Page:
From: Steve Austin
Date: 2003-08-15 16:20:59 UTC
Subject: Re: [ferrethealth] Re: Re: when to spay--need help!
I am not wanting to start a debate, unless you are an experienced ferret
and are reliable to do what it takes if the ferret does not come out of
I wouldn't suggest keeping a whole female.
Just curious, I thought the ferret had to be in heat a bit before she
would get the aplastic anemia, in fact, I thought that it could also
with a female with untreated adrenal disease since estrogens are
in both cases. It sounds like you are saying you have dealt with many
dying from aplastic anemia. Since it is not that common to come across a
ferret in the US ( unless you are close to some breeders) I haven't
seen a case. However, I am wondering for those who live in Europe, where
spaying is not commonly done, do you see a lot of deaths from ferrets
left in heat
I thought the ferret had to be in estrus about 2 weeks before
using the jill jab and then it worked better- in fact that was how you
sometimes two injections are needed, and if that didnt' work
perhaps spaying the ferret as a last resort?
I think some owners want to delay the spay until the ferret
is older in hopes of decreasing the chances of adrenal disease later in
life ( not
that this is 100% correlated, but in general people think it is healthier
animal to not be spayed at 4-6weeks of age but wait until a bit older)
I think anyone who owns a whole female has to be a very responsible owner
who is willing to go the extra step if the female stays in heat too long,
is aware of the risks if heat is prolonged ( I am not sure what length of
but common sense says a month is not too long otherwise in nature the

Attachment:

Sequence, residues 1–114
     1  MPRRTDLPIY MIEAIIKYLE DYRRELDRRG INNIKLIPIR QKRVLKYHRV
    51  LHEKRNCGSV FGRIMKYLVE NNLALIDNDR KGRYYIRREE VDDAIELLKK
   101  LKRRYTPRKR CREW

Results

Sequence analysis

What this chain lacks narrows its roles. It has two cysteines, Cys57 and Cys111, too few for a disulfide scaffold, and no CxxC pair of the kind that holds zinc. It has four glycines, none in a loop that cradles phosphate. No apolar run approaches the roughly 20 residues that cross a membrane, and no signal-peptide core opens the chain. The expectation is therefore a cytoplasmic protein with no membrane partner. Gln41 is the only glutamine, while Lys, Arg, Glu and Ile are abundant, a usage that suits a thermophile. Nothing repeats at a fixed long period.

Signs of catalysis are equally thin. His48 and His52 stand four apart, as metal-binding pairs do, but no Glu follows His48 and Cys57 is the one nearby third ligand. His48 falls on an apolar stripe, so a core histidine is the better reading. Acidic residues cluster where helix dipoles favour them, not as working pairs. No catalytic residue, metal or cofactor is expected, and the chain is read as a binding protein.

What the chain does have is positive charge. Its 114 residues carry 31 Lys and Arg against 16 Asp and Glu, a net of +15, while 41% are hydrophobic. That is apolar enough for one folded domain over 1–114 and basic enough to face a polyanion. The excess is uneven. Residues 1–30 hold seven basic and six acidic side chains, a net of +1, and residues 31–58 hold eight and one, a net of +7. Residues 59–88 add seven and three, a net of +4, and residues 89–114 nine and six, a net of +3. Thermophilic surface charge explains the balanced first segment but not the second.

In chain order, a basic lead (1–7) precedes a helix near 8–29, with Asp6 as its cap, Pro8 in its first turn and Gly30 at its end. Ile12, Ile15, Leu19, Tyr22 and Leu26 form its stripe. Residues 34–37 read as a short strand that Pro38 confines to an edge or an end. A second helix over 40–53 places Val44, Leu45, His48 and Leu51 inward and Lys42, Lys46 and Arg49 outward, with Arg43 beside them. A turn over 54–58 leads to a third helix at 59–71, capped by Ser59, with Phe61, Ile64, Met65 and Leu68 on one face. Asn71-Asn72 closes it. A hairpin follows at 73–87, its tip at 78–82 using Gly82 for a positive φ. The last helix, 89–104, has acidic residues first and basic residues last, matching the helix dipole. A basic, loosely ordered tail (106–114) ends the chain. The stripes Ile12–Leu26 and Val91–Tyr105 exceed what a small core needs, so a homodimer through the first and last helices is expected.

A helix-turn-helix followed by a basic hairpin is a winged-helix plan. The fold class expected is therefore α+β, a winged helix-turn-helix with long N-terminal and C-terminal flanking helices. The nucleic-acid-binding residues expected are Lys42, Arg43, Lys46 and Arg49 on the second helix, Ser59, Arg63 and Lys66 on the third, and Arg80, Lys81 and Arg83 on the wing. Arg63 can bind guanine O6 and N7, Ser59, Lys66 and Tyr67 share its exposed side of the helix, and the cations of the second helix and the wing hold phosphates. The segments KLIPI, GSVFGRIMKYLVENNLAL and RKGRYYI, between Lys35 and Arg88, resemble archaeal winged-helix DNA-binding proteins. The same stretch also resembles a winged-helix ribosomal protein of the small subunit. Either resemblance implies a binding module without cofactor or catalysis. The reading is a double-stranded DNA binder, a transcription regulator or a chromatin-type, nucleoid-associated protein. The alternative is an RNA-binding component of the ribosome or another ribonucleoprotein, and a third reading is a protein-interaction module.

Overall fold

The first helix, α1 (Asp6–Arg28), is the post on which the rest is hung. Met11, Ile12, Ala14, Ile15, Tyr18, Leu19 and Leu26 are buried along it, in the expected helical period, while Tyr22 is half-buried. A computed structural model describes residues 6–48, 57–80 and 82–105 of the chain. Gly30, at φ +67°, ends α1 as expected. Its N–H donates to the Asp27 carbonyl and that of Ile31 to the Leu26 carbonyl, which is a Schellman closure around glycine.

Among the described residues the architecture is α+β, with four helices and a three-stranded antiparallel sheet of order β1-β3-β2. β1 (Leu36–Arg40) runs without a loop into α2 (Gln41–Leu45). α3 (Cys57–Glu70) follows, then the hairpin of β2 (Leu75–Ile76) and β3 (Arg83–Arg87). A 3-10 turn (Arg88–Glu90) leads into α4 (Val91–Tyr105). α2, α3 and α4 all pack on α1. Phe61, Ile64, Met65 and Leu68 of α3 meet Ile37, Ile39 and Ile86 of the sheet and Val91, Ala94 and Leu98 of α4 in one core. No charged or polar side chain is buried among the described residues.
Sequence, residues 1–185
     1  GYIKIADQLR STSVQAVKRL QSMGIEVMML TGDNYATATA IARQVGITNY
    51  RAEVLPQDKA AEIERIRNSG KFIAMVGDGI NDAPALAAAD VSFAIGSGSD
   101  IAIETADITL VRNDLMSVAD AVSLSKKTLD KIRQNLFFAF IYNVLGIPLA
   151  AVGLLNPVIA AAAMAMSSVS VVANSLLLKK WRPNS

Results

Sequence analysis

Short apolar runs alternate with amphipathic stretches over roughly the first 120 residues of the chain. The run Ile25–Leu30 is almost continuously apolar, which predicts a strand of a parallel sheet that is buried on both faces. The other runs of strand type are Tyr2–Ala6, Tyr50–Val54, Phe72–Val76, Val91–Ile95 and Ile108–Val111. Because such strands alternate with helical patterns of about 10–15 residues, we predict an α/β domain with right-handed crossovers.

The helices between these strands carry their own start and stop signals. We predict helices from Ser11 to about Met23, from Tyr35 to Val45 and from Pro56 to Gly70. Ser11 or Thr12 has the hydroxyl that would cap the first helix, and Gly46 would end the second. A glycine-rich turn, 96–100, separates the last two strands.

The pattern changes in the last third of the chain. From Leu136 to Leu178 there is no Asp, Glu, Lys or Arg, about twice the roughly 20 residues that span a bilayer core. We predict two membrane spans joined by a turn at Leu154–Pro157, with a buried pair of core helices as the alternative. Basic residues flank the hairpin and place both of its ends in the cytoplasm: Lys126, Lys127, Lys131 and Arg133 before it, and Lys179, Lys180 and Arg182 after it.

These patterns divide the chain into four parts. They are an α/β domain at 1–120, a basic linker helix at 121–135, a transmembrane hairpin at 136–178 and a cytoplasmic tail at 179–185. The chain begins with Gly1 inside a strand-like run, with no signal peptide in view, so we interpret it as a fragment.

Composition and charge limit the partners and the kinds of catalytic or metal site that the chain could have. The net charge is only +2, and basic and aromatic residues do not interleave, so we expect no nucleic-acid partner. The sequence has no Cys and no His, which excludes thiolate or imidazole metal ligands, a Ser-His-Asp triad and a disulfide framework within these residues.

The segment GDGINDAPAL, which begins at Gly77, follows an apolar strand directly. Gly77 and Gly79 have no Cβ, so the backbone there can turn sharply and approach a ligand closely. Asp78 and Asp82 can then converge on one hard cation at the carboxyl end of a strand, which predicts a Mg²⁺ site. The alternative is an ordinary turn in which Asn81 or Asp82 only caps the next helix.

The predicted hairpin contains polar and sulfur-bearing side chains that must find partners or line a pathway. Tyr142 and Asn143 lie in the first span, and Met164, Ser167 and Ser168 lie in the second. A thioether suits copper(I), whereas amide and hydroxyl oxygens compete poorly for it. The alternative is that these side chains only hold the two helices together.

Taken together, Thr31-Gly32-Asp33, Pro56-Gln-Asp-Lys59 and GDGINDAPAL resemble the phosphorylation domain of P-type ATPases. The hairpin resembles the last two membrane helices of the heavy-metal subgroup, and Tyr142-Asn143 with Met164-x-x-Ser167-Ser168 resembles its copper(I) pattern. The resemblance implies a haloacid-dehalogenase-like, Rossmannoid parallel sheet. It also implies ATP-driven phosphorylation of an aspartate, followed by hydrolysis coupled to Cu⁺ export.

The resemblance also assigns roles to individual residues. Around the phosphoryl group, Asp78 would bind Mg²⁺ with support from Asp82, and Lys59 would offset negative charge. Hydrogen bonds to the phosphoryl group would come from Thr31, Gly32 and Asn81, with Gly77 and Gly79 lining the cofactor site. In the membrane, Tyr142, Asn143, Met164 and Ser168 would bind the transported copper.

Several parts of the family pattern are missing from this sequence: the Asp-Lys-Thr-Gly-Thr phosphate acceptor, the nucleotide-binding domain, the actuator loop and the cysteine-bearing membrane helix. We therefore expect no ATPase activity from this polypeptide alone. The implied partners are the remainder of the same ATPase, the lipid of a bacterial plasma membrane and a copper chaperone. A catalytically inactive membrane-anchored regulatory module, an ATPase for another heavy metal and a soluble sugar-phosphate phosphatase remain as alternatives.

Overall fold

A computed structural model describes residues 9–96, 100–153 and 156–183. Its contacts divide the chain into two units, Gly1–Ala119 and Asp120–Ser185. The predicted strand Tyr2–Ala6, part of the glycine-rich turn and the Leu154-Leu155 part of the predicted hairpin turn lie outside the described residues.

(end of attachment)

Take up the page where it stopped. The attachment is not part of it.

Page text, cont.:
would die all the time).
I think this is a good reason why no one is pushing for the big farms to
the spaying/neutering of ferrets before they are sold to the general
on one hand it is thought perhaps part of the reason the US has more
adrenal disease is from this early neuter, on the other hand could you
how many rescues there would be with females in prolonged heat, pregnant,
or just neglected because they "smell" and the added costs to the
shelters to have to alter the surrenders before adopting out?
I am happy that it is a rare thing for someone to get a whole ferret and
it is not a common problem to see ferrets die from aplastic anemia.
> Your suggestion seems kind of risky, putting your
> jills through so much, to get them out of heat, if you
> don't mind me asking, why do you not just get them
> spayed? Is it because you plan to breed them next
> I guess after seeing perfectly healthy and
> beautiful ferrets die such horrible deaths from
> prolonged heat, it seems that a simple spay performed
> before the ferret reaches estrus, would prevent such
> an uneccesary and terrible demise---Angela.
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